A mound of rocks sat undisturbed on a narrow mountain ridge, as it had for many years.
Human hands had stacked these rocks, but for what purpose? The dimensions of the mound were notable: roughly six feet long by three feet wide. About the size one might expect to see for a makeshift memorial placed over a clandestine grave.
This pile of rocks, unremarkable on its own, stood out when considered in context with evidence from two 1985 missing persons cases: the disappearances of Joyce Yost and Sheree Warren.
COLD discovered the Causey rock pile while researching the Yost and Warren cases. The appearance of this unexplained pile of rocks on a mountain ridge a couple of miles southeast of Causey Dam prompted speculation among investigators.
Could it mark a burial site for one of these missing women?
Joyce Yost and Sheree Warren
Joyce Yost disappeared from her apartment in South Ogden, Utah on the night of Aug. 10, 1985. Evidence would later show a man who’d previously sexually assaulted Joyce, Douglas Lovell, killed her to prevent her from testifying at his upcoming trial. Lovell admitted to driving Joyce east into the mountains and leaving her body at an undiscovered location.
Several weeks later, on Oct. 2, 1985, Sheree Warren left an office building in Salt Lake City, Utah. She reportedly told a coworker she was headed to meet her estranged husband, Charles Warren, at a nearby car dealership. Sheree then planned to take her 3-year-old son to her parents’ house in the community of Roy, a suburb of Ogden, Utah.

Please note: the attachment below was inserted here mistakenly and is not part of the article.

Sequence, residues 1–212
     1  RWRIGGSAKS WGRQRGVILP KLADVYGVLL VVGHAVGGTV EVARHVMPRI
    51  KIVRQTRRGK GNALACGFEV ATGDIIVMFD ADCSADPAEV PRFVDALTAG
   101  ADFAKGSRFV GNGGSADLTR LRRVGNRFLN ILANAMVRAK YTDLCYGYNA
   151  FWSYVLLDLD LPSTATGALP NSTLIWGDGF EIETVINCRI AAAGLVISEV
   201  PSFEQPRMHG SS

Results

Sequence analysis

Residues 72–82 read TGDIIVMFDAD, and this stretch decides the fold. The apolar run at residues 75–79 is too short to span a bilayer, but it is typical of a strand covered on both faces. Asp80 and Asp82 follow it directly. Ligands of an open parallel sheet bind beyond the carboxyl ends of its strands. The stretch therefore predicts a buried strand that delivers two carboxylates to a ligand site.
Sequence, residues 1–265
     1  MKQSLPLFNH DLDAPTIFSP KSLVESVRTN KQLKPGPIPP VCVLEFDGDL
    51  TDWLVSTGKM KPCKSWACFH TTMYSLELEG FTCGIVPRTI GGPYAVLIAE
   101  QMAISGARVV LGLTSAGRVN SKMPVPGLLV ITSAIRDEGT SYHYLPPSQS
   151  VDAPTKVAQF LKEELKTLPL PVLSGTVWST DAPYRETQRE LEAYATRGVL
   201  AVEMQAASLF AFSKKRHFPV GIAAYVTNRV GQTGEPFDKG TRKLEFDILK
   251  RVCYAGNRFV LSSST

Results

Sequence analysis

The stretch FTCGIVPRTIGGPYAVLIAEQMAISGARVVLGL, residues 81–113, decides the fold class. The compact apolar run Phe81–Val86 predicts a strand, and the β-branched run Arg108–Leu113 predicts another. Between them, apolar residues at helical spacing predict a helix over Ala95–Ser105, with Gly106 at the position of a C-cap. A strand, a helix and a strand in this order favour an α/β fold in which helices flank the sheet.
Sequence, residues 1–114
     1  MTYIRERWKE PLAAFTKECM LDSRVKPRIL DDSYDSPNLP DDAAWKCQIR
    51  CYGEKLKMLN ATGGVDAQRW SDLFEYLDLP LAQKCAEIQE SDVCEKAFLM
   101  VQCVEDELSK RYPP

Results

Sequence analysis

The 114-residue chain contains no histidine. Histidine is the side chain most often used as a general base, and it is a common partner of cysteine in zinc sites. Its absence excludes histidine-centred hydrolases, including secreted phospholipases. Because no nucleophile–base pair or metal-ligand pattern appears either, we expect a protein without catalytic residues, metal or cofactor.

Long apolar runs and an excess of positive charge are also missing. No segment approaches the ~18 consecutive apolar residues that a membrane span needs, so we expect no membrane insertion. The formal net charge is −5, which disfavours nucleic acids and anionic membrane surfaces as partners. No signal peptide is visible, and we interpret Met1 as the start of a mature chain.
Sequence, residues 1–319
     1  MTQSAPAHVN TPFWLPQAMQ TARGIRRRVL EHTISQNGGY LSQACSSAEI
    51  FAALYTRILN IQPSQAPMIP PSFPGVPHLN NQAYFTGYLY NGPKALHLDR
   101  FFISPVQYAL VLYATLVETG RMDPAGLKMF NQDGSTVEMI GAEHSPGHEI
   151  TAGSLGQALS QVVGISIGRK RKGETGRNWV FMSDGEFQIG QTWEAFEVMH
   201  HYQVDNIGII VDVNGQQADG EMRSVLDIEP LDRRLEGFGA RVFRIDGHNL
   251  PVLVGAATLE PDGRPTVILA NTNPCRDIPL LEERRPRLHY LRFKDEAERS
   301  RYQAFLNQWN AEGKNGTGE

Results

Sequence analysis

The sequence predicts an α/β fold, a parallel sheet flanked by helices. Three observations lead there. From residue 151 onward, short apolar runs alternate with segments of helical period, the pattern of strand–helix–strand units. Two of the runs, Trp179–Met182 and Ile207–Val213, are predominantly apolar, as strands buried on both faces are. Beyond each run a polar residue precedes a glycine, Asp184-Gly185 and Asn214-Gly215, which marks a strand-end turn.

Sheree didn’t make it home that night, or ever again. Six weeks later, her maroon Toyota Corolla surfaced behind the Aladdin Hotel and Casino on the Las Vegas Strip. Police couldn’t say how the car ended up there, or what might’ve happened to Sheree.
Roy police, who led the investigation into Sheree Warren’s disappearance, harbored suspicions about two men. They investigated her estranged husband, Charles Warren, who had a history of domestic violence against his first wife. Detectives also wondered if Cary Hartmann, a former Ogden Police reserve officer whom Sheree had been dating, might’ve been somehow involved.
But why would investigators presume to look for either of these women near Causey, a small and somewhat obscure reservoir tucked into a narrow canyon 20 miles east of Ogden?
The Case for Causey
An anonymous man called Roy City on April 3, 1987, roughly a year-and-a-half following the Joyce Yost and Sheree Warren disappearances. The man told a dispatcher he’d located a body. Upon learning the body sat outside Roy’s boundaries, the dispatcher instructed the man to instead call the Weber County Sheriff’s Office.
The anonymous caller did so. In a stammering voice, the man explained he’d been searching for “rock sediments” in the mountains near Causey Dam when he’d stumbled upon the decomposed remains of a woman.
“I didn’t touch the body or anything because I didn’t want to get fingerprints on it,” the man said according to a recording of the call, “but I noticed there was a purse there.”